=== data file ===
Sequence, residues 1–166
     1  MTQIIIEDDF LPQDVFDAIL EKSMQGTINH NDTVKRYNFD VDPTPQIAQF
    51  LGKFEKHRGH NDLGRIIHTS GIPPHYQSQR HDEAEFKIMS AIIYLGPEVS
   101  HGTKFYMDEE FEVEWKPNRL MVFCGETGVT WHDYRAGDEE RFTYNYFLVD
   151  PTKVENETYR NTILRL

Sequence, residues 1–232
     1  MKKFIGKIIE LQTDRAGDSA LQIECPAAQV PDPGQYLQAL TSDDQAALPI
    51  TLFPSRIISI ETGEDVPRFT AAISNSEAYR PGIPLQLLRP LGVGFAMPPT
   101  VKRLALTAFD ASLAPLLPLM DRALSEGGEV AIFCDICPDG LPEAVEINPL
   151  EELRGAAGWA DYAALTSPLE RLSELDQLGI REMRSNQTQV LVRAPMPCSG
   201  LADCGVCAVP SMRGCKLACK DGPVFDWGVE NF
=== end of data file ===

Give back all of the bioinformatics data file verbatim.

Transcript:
Sequence, residues 1–166
     1  MTQIIIEDDF LPQDVFDAIL EKSMQGTINH NDTVKRYNFD VDPTPQIAQF
    51  LGKFEKHRGH NDLGRIIHTS GIPPHYQSQR HDEAEFKIMS AIIYLGPEVS
   101  HGTKFYMDEE FEVEWKPNRL MVFCGETGVT WHDYRAGDEE RFTYNYFLVD
   151  PTKVENETYR NTILRL

Sequence, residues 1–232
     1  MKKFIGKIIE LQTDRAGDSA LQIECPAAQV PDPGQYLQAL TSDDQAALPI
    51  TLFPSRIISI ETGEDVPRFT AAISNSEAYR PGIPLQLLRP LGVGFAMPPT
   101  VKRLALTAFD ASLAPLLPLM DRALSEGGEV AIFCDICPDG LPEAVEINPL
   151  EELRGAAGWA DYAALTSPLE RLSELDQLGI REMRSNQTQV LVRAPMPCSG
   201  LADCGVCAVP SMRGCKLACK DGPVFDWGVE NF